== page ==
If you’ve worked in the eLearning industry for a while, it’s likely you’ve recently (or not that recently) heard the buzzword “agile,” possibly in combination with other words like “process,” “production methodology,” and so on. We’ve heard it too, I’d like to share our story, perspective, and conclusions about what agile eLearning development means for SweetRush.
As a company that values continuous improvement and raising the bar on our craft, we feel constant pressure to do things faster, better, and more efficiently. In the past few years, every time we discussed these topics, someone would inevitably say, “What if we were more agile? Maybe that would solve our problems.” In these situations, I couldn’t help but wonder, is agile really the magic pill the learning and development industry has been waiting for?
With this and many other questions in mind, we decided last year to have “that agile conversation.” This is what we found.
Our industry has traditionally used the ADDIE model for creation and delivery of instructional design (including eLearning development). If you’re not familiar, ADDIE stands for Analysis, Design, Development, Implementation and Evaluation and it has (again, traditionally) been a linear model. For years, everyone felt comfortable with ADDIE. But with time, its weaknesses started to become more and more evident: it takes quite some time to “really see” something, it does not accommodate spin-offs or variations well, and sometimes it can inhibit creativity once the storyboard is done.
We put together a multidisciplinary group and charged it with the task of remapping our production process to make it more agile. But once we started, we realized that we needed to ask ourselves, what does “agile eLearning development” really mean for us?
As we started sharing our experiences in the group, we learned that every client that had specifically asked for a project to be managed in an “agile” way had a different understanding of what that meant and that we all had our own ideas about it too.
So we had to go back to the books and find the definition of “agile” that we all could use and apply to eLearning development.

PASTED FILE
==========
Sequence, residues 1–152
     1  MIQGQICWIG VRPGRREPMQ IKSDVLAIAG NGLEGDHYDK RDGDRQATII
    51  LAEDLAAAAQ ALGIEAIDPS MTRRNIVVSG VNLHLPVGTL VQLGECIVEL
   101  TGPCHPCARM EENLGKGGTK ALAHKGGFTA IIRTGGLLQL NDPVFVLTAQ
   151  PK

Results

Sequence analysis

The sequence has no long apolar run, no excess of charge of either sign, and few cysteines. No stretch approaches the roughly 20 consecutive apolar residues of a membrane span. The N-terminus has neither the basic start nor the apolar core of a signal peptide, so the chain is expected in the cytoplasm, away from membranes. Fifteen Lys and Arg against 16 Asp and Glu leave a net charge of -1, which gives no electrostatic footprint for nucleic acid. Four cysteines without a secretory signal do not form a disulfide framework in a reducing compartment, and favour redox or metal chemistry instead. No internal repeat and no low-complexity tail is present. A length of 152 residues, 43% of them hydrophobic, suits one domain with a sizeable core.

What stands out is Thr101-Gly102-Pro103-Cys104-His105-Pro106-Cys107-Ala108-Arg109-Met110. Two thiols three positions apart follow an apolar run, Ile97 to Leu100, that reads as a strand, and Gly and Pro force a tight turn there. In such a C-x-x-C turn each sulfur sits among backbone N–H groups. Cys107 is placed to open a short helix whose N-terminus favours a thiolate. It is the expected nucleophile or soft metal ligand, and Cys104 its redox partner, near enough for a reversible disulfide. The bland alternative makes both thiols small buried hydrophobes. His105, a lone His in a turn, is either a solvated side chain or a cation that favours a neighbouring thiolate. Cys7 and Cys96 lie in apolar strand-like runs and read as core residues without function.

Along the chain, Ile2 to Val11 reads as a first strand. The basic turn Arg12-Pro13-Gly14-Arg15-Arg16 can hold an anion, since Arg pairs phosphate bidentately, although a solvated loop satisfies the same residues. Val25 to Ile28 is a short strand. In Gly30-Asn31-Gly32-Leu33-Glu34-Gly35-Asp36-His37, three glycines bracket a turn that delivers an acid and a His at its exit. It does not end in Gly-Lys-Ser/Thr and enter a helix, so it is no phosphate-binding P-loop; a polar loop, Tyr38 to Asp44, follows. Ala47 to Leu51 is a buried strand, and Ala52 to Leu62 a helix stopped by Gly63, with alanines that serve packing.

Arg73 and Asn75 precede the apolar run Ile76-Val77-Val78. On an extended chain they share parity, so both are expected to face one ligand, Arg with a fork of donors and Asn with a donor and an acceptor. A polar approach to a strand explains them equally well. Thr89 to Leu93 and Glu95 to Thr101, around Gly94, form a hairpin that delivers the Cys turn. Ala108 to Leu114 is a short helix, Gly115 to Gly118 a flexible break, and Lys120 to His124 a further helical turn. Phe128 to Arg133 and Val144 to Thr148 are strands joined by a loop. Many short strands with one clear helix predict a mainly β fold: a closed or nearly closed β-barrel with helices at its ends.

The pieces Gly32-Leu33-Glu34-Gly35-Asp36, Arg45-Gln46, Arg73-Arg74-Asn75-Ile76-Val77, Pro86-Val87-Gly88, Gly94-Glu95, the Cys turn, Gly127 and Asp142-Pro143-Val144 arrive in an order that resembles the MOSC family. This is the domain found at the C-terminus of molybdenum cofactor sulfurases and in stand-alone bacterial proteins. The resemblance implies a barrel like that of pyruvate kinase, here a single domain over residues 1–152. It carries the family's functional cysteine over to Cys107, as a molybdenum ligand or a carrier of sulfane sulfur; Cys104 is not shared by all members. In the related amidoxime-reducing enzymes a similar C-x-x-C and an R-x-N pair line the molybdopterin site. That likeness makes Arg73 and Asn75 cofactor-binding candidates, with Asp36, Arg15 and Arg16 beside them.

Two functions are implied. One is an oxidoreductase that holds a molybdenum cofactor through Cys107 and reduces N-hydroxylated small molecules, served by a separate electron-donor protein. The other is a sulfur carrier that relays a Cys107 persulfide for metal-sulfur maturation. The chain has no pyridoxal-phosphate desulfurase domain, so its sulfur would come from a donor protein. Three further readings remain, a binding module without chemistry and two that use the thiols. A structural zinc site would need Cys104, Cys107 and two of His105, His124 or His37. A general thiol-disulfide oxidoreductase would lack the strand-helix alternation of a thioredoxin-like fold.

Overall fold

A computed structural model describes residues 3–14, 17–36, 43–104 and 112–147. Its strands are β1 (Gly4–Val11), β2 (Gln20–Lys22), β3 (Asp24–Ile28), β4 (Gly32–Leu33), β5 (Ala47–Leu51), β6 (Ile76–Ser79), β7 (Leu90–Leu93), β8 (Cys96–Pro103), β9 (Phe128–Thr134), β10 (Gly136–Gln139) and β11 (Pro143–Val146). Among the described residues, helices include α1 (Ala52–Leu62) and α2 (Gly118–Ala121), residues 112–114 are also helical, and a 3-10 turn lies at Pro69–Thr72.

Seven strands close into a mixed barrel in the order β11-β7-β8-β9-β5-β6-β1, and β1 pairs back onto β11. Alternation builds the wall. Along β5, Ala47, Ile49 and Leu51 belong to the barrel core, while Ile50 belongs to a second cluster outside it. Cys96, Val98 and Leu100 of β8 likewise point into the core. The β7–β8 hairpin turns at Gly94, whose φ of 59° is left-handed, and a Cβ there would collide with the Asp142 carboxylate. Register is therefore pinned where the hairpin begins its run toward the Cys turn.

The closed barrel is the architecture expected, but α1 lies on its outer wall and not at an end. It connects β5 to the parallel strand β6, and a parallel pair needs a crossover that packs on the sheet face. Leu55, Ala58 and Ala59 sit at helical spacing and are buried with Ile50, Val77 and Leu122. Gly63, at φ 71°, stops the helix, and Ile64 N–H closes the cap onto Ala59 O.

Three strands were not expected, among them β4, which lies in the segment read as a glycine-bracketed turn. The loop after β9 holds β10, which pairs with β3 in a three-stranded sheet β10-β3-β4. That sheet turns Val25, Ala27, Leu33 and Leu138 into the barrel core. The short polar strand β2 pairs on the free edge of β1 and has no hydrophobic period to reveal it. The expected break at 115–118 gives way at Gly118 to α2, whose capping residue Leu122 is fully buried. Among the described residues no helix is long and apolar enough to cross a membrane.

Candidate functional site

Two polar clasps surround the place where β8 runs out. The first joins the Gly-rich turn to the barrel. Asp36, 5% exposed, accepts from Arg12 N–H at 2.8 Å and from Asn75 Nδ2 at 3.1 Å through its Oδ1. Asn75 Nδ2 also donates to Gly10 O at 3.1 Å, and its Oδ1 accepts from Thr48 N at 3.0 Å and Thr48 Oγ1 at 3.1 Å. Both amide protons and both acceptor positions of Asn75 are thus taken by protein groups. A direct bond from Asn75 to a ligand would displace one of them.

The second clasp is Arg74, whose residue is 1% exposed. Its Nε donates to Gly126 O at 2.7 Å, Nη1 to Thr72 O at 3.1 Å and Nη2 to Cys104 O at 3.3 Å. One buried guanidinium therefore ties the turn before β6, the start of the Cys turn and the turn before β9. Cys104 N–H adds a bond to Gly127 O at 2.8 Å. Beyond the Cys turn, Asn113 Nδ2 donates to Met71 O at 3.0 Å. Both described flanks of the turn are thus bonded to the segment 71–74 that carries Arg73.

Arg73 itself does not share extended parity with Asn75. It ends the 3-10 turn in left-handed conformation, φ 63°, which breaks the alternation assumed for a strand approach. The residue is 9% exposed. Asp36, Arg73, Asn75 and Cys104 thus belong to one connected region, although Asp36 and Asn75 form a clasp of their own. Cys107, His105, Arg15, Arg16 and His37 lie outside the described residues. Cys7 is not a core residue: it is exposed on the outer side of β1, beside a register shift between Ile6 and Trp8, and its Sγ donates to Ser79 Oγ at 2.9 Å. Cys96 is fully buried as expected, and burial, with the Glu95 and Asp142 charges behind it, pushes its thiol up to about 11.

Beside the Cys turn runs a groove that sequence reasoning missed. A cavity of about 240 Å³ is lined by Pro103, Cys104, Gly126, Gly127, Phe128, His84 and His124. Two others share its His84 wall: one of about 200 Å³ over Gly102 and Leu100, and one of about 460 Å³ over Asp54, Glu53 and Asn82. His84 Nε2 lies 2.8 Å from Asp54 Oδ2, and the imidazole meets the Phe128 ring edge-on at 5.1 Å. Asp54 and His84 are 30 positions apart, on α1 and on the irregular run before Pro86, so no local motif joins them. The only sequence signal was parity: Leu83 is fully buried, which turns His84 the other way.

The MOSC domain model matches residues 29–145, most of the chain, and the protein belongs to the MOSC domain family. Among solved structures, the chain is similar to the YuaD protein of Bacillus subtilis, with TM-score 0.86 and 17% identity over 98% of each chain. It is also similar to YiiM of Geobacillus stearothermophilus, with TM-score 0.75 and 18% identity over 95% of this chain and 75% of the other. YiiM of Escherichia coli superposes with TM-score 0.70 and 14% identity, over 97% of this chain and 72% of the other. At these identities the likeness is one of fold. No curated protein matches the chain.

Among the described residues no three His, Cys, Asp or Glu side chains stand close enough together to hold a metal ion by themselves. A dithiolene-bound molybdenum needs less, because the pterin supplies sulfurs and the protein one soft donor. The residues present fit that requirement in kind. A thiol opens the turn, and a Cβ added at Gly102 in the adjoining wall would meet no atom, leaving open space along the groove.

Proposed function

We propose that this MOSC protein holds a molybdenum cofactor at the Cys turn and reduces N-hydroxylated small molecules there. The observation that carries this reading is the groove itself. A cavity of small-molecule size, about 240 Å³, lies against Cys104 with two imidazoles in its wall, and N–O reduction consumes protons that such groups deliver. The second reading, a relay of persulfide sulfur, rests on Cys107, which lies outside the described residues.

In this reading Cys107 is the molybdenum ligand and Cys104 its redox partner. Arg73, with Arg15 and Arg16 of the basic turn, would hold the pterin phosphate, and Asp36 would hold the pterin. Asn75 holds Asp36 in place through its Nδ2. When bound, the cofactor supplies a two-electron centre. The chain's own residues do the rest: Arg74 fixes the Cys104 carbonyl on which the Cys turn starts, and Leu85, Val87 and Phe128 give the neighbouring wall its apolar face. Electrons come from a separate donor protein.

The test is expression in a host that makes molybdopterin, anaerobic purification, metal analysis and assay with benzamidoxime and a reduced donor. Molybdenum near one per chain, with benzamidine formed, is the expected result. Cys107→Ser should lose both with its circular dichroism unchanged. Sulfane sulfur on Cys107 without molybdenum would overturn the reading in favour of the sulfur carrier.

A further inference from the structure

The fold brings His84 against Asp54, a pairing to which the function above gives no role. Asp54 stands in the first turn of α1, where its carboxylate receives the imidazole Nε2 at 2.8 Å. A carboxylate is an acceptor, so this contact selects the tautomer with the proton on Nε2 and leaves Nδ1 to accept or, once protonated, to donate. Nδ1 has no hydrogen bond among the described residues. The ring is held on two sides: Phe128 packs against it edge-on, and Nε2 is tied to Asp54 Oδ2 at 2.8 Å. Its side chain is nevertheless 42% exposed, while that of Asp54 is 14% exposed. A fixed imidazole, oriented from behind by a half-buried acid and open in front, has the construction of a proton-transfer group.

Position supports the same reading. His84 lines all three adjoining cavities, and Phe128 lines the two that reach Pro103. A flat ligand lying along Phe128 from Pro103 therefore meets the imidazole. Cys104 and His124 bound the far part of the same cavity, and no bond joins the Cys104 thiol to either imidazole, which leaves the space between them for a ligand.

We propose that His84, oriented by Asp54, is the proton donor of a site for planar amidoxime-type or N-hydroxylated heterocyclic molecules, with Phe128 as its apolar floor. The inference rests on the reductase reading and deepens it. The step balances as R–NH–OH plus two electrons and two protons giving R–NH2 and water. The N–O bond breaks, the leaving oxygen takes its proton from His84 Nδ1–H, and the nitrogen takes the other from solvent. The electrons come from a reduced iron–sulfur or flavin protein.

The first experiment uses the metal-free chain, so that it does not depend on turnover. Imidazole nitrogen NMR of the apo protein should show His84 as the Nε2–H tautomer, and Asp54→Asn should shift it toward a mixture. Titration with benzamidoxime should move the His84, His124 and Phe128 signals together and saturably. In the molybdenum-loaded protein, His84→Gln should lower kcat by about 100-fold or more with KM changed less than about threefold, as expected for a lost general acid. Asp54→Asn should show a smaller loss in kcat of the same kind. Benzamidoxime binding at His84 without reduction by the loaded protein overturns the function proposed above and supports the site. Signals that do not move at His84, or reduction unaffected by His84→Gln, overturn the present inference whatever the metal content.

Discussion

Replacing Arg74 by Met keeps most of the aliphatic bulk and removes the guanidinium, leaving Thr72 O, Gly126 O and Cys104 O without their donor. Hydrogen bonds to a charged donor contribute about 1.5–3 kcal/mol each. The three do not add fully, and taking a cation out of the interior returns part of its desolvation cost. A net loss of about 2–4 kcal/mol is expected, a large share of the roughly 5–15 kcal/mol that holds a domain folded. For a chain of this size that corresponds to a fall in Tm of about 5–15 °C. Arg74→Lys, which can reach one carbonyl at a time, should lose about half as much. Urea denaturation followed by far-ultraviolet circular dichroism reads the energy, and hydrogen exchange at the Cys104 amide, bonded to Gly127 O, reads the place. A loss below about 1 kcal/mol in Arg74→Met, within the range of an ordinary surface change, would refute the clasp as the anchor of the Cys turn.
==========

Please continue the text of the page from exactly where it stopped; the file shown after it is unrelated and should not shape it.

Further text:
We learned that because the ADDIE and waterfall models are linear, the most common mistake people make is to assume that any iterative model is “agile” by definition.
An iterative model is a lot more flexible than linear models, but to be agile (in the strict use of the term), being iterative is not enough; it needs to follow the principles of agile software development. Personally I really like the following three concepts I invite you to read them all at agilemanifesto.org.
“Simplicity—the art of maximizing the amount of work not done—is essential.”
“Individuals and interactions over processes and tools.”
“Build projects around motivated individuals.
Give them the environment and support they need,
and trust them to get the job done.”
Besides studying the SAM, Lean, and Scrum models, we also decided to talk to our contacts who have experience in implementing these processes. Coworkers, clients, and partners were more than happy to share their experiences with agile eLearning development.
When we asked about the benefits of implementing agile for their teams, we started to see some patterns. Everyone talked about:
- More motivated teams
- Better relationship with stakeholders
- More communication at the beginning that led to less feedback later
- Higher-quality products
Interestingly enough, almost no one mentioned shorter timelines, profitability, or efficiency as being the main takeaways of the agile production process.
With that information, we decided to compare the strengths and weaknesses of our own process against the benefits of switching completely to agile.
After a thorough analysis, we concluded that we already had some of the strengths agile would provide: we already had a highly motivated team, and the industry has recognized the quality of our eLearning development work with several awards.
We also identified that not all projects are a good fit for agile. Linear processes are still relevant and a good choice for some projects and clients.
As I said, we are always looking to improve, which means challenging long-standing assumptions and not being afraid to experiment to push to the next level. However, we also recognize we need to do so in ways that enhance our relationships with our clients and partners.
So the question remained: What should we do?
We decided that it would be a mistake to switch completely to a new production process that would not be a good fit for every project. But we also saw that it would be a mistake to ignore the good ideas the agile methodology has to offer.
With this guiding philosophy, we’ve made several exciting improvements to our process over the last year that embrace agile eLearning development:
- We embrace and support early collaboration between different stakeholders and team members.
- We are ready and able to create prototypes, wireframes, and proposals as part of the initial stages of the project.
- We are well prepared to take on projects that should be developed using the full agile methodology.
Also, as a result of these discussions, we found and applied a lot of refinements that have improved the efficiency of our existing process.
This experience brought into focus our strong commitment to continuous improvement at SweetRush. Taking it a step further, it’s helped us map out a process and a multidisciplinary approach to continuous improvement that we can apply to aspects of our craft, such as embracing industry trends, remaining competitive, and making sure that our clients and partners feel good—and that we feel good—about the services we offer.